We identified eight Ainu individuals who might be recently admixed with Mainland Japanese based on their intermediate positions between Ainu and Mainland Japanese clusters in the PCA plot (Supplementary Figure 3). If these individuals were the result of very recent admixture events, then one of the pair of chromosomes should be from an Ainu parent and the other from a Mainland Japanese parent. The neighbor joining tree of chromosome 22 haplotypes that were phased using Fastphase and BEAGLE for each of the eight admixed Ainu individuals is shown in Supplementary Figure 6. The haplotype affinities for these potentially recently admixed Ainu did not show a consistent pattern, with three individuals having haplotype affinities with the Ainu and another four individuals with affinities to Mainland Japanese haplotypes. However, in one individual (labeled 2120001B03), one of the haplotypes clustered with other Ainu haplotypes while the other clustered with Mainland Japanese haplotypes, indicating that this person might be a result of recent admixture.
The 31 Ainu individuals together with 35 Ryukyuan and 50 randomly chosen Mainland Japanese from the Kanto region were compared with other individuals from various geographical locations in the Japanese archipelago using probabilistic PCA.16 Our samples were overlaid on a scatterplot that showed major clustering between Mainland Japanese, CHB and Ryukyuans. Our Ryukyuan (green dots) and Mainland Japanese samples from the Kanto region (red dots) fall within well-defined clusters reported by Yamaguchi-Kabata et al.17 as seen in Figure 2. Interestingly, the Ainu individuals (blue dots) form a gradient alongside the cluster of Ryukyuan individuals on the vertical axis. There are several individuals from the RIKEN data set (identified as gray dots) that cluster with our Ainu samples. Although their specific ethnicity was not directly mentioned, they are most likely Ainu individuals based on their geographical origin, which is Hokkaido where most Ainu people currently reside. This identification of Ainu people in the RIKEN data was not reported by Yamaguchi-Kabata et al.17 nor Kumasaka et al.16
We tested the dual-structure model for the origin of modern Japanese using the 3-population test (f3 test). We used two data sets for this test: a high density SNP data set without Korean data (~430 k SNPs) and a low density data set with Korean data (~65 k SNPs). Negative values for the f3 test imply that the target population is the result of admixture between two source populations. The Z-score for the test can be taken as a measure of statistical significance. The combination using continental Asians (Han Chinese, Koreans) and Ainu as source populations and the Mainland Japanese and Ryukyuan as target populations showed the most significant results (Table 2). Using the high density SNP data set, the (Mainland Japanese; CHB, Ainu) combination gave the most significant result (f3=−7.0 × 10−3; Z-score=−28.8), whereas in the low density SNP data set, the combination (Mainland Japanese; Korean, Ainu) had the most significant result (f3=−7.1 × 10−3; Z-score=−28.6). Tests using Ryukyuans as target populations also showed similar patterns, but with lower Z-scores compared with Mainland Japanese. These results showed that the Mainland Japanese were the result of admixture between the ancestors of Han Chinese/Koreans and Ainu, who represent the Yayoi and Jomon peoples, respectively. This adds further support to the dual-structure model3 for the origin of Mainland Japanese.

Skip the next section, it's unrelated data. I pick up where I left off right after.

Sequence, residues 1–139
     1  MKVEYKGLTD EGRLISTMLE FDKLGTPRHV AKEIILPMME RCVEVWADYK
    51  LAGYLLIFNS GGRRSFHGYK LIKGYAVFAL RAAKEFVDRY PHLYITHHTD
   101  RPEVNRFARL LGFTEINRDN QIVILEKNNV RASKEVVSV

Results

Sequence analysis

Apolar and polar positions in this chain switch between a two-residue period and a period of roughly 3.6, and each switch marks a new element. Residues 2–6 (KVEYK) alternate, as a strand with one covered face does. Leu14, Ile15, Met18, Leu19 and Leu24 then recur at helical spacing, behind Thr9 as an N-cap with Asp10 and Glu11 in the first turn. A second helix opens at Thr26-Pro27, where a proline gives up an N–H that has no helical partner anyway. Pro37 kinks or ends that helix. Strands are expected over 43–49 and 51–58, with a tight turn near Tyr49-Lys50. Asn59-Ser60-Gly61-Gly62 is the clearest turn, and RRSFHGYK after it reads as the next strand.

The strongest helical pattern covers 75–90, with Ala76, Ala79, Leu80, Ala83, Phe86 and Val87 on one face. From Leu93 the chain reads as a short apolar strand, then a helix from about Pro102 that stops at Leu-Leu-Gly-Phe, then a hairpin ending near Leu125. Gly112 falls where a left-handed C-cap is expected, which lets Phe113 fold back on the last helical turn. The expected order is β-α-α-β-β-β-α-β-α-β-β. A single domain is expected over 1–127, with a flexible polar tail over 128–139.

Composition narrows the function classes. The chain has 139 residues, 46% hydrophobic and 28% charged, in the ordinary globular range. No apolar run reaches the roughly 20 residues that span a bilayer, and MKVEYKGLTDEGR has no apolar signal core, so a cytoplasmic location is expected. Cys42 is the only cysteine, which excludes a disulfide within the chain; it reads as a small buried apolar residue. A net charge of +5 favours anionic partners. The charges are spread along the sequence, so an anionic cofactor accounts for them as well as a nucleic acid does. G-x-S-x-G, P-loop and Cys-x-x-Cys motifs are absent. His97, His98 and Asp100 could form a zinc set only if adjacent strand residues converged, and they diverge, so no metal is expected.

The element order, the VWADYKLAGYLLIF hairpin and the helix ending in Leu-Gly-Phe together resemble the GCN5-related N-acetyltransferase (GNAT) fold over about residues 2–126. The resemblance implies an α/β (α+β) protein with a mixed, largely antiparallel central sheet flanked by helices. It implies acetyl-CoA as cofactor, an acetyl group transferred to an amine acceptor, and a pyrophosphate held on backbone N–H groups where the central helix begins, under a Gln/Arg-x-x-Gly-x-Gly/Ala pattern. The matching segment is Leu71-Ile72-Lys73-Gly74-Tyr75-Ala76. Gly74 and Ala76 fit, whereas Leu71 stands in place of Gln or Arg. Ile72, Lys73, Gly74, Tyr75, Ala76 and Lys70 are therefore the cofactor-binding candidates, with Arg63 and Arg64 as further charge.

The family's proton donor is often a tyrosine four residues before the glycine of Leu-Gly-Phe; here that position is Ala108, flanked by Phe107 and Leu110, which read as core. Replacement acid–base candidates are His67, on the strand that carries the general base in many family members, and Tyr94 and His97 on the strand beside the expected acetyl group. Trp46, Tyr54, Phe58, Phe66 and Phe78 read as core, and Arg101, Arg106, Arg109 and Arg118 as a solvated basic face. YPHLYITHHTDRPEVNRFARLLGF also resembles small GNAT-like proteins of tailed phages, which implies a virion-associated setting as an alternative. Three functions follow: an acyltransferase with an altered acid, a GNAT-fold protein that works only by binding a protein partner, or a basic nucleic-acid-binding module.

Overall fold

To estimate the proportion of genetic contributions from the ancestral populations in the Japanese, we conducted the f4-ratio estimation test. Populations used in this test are assumed to be related to each other according to the tree shown in Figure 3. This test differs from the f3 test in the inclusion of an outgroup, and another population that is close to one of the source populations (continental Asians). Using various combinations of populations, the results with the most significant Z-scores are shown in Table 3. The proportion of the Jomon ancestry (ancestors of Ainu) in Mainland Japanese was estimated to be 17.8% (Z-score 72.3) when using the CHB as the other source population. When using the smaller data set with Koreans as the source population, the proportion of the Jomon ancestry in Mainland Japanese was higher at 17.9% (Z-score 64.9). The proportion of Jomon components in the Ryukyuans was from 28.4% (Z-score 43.8) when using high density SNP data and 27.8% (Z-score 40.0) when using the lower density SNP data. The higher proportion of Jomon component in the Ryukyuans compared with the Mainland Japanese was consistent with the individual ancestry estimates using ADMIXTURE (Supplementary Figure 2).